How to Prepare a Cash Flow Plan

May 3, 2022

How to Prepare a Cash Flow Plan

If you’re a small business owner, you’ve probably been told that you need a cash flow plan or, as it’s sometimes known, a cash flow forecast.

However, while you might understand the basics of bookkeeping, you might be a little lost when it comes to things like forecasting and cash flow planning. So let’s take a closer look at what this means and how you can create your own cash flow plan.

What Is a Cash Flow Plan, and Why Is It Important?

When you’re talking about business finance, you will hear a lot about revenue, sales, profit and loss and many other terms. But the most critical thing to your business is cash flow.

Cash flow simply means how much money is coming into your business versus how much is going out of your business. You're in good shape if you have a positive cash flow (you make more than you spend). If you have negative cash flow and spend more than you make, you will get into trouble fast.

A cash flow forecast is simply a plan that predicts how much money your business will have in the bank versus how much you will have to pay to service providers and suppliers. If your projected cash plan doesn't look positive, it’s a sign that you need to change something in your business and focus on reviewing your cash flow.

Steps to Prepare a Cash Flow Plan

The good news is that you probably already have most of the information you need to create a cash flow plan, and it’s not too hard to put it all together. Here are the various things you need to know and use for cash flow management and planning:

To start with, ou need to know your starting cash balance – how much money do you have in the bank right now?

You can import a live Cash Flow report as a starting point with LiveFlow in a few clicks:

  1. Calculate your monthly running costs – these are all your fixed and variable overhead costs, including rent or mortgage payments, utilities, salaries, office supplies, etc.
  2. Review your past sales data to predict what your sales might be for the months you will be forecasting – if you already have orders in the pipeline with delivery dates set up, this can also help predict your sales.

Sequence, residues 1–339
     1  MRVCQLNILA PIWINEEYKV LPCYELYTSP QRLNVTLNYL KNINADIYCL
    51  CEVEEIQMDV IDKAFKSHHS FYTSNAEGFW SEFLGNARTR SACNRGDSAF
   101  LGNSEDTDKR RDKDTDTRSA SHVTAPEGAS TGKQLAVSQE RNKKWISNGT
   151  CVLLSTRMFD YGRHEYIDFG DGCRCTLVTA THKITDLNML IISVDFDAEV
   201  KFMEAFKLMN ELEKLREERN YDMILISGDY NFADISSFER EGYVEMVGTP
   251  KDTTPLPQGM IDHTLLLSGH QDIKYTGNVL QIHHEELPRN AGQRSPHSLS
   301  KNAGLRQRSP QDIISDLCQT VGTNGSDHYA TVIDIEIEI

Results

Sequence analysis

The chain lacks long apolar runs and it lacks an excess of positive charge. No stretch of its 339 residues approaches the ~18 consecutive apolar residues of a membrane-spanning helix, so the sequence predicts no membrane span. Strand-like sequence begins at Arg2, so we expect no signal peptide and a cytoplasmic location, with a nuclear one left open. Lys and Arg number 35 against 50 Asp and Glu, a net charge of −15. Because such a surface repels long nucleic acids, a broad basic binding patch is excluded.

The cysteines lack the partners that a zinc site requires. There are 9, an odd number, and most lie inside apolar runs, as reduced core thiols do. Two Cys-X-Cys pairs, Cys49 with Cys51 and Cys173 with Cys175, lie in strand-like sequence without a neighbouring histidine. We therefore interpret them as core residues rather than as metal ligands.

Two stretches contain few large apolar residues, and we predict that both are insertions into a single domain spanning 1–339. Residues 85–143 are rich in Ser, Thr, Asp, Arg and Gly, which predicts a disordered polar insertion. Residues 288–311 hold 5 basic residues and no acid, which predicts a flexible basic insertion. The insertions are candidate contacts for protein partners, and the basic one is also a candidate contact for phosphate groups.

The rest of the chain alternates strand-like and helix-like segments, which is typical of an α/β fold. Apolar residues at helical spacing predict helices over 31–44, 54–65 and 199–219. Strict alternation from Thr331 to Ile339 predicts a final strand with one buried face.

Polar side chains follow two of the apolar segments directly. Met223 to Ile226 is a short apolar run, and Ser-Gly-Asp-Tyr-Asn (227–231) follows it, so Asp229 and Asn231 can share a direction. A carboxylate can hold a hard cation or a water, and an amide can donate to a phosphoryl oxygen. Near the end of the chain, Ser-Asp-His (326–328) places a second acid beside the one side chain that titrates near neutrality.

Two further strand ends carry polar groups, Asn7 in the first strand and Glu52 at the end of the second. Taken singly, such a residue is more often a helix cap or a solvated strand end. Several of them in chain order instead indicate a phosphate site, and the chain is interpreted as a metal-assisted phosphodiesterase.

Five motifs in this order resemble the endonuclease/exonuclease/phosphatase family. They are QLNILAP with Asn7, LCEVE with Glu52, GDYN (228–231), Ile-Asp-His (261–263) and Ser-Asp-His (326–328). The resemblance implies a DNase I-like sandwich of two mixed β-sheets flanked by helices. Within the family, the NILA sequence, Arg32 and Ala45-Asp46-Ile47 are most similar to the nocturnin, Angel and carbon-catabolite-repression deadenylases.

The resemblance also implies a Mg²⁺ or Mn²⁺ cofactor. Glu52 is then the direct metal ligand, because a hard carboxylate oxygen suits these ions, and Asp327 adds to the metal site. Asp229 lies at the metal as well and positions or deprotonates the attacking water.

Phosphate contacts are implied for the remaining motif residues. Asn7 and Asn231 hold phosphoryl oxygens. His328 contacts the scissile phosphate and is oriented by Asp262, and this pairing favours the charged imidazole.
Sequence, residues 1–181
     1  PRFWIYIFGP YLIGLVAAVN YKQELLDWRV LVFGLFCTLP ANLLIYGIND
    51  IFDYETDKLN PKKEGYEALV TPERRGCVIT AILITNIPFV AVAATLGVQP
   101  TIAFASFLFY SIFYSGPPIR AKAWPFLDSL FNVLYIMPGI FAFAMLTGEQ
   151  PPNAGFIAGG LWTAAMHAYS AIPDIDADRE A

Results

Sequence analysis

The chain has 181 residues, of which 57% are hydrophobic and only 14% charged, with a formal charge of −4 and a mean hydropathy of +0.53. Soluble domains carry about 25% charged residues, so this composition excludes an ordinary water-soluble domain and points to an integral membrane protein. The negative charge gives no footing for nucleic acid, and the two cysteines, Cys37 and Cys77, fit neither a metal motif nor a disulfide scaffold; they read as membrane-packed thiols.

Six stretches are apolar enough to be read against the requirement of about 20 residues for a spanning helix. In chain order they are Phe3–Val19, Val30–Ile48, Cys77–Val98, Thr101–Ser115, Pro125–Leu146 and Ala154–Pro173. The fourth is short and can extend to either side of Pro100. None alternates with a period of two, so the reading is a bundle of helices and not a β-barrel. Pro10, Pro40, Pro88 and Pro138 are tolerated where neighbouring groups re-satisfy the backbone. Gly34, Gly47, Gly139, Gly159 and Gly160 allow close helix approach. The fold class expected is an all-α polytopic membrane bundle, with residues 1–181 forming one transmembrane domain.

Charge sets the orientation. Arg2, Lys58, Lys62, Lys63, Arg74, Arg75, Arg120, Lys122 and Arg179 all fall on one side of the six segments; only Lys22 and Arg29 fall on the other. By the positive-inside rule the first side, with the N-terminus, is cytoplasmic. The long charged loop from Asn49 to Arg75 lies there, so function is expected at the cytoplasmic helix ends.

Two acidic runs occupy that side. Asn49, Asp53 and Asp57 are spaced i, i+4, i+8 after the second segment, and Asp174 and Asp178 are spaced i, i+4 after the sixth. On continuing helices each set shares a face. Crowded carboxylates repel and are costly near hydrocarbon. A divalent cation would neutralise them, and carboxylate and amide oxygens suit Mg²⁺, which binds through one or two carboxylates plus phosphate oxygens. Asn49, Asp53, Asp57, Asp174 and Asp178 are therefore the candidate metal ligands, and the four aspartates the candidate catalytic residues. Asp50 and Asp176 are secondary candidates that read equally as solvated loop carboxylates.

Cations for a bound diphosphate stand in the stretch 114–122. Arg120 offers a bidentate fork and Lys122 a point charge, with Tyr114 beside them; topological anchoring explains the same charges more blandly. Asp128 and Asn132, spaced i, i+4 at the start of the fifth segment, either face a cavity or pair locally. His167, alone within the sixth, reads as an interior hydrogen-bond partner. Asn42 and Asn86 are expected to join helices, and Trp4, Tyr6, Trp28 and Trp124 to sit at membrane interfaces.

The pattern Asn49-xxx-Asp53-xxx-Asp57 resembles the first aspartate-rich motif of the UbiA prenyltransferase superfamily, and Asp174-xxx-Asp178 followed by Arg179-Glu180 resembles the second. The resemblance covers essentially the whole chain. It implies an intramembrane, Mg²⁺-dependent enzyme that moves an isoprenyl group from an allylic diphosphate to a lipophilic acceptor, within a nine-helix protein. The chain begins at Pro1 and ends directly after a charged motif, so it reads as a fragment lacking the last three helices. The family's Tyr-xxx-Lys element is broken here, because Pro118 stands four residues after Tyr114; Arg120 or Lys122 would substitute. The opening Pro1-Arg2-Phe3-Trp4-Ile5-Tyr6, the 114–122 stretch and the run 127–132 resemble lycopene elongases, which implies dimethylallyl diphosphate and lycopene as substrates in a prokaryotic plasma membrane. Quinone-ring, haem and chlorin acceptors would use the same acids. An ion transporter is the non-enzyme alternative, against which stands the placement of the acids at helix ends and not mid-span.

3. Don’t forget to include any deposits you will be paid for jobs that are coming up – while you still have to do the work, a cash flow forecast is all about cash on hand, so they need to be factored into your projections when you receive them.
  4. Calculate the cost to complete those orders in material and labor that are not covered by your running costs. This could be non-stock materials, outsourced services or equipment rental costs. Factor in everything that is not included elsewhere.
  5. Be sure to include your payment terms – even if you place an order today, the money might not leave your account for a month or two, so you should apply that cost in the month it will be paid to the vendor or service provider.

A cash flow plan is simply a method of predicting your income and expenses in the long term so that you can ensure you always have a positive balance in your bank statement. If you find that your cash flow planning keeps coming up with a negative balance, you know you need to make some changes, either by generating more net cash flow or cutting expenses.

Make It Easier with LiveFlow and Google Sheets

Cash flow planning is not that complex when you break it down in these terms. However, nothing in business is the same from one day to the next, so keeping your cash flow plan up to date will be a struggle.

The simplest way to ensure your cash flow plan is always current is to use LiveFlow and the Google Sheets Add-on to connect QuickBooks to Google Sheets. This kind of integration means that when you make a change to your QuickBooks data, you will also automatically update your reporting in Google Sheets.

This will add new sales and deposits to your positive cash flow and automatically update expenses as they happen. You can even create a sheet that automatically sorts your expenses based on when they are due to be paid with the live Accounts Payable dashboard:

With the LiveFlow, you don’t have to update your cash flow planning every day because you’ll always be working with the latest data from your own accounting software. So you can save time on accounting tasks and still have real-time, up-to-date cash flow information when you need it.

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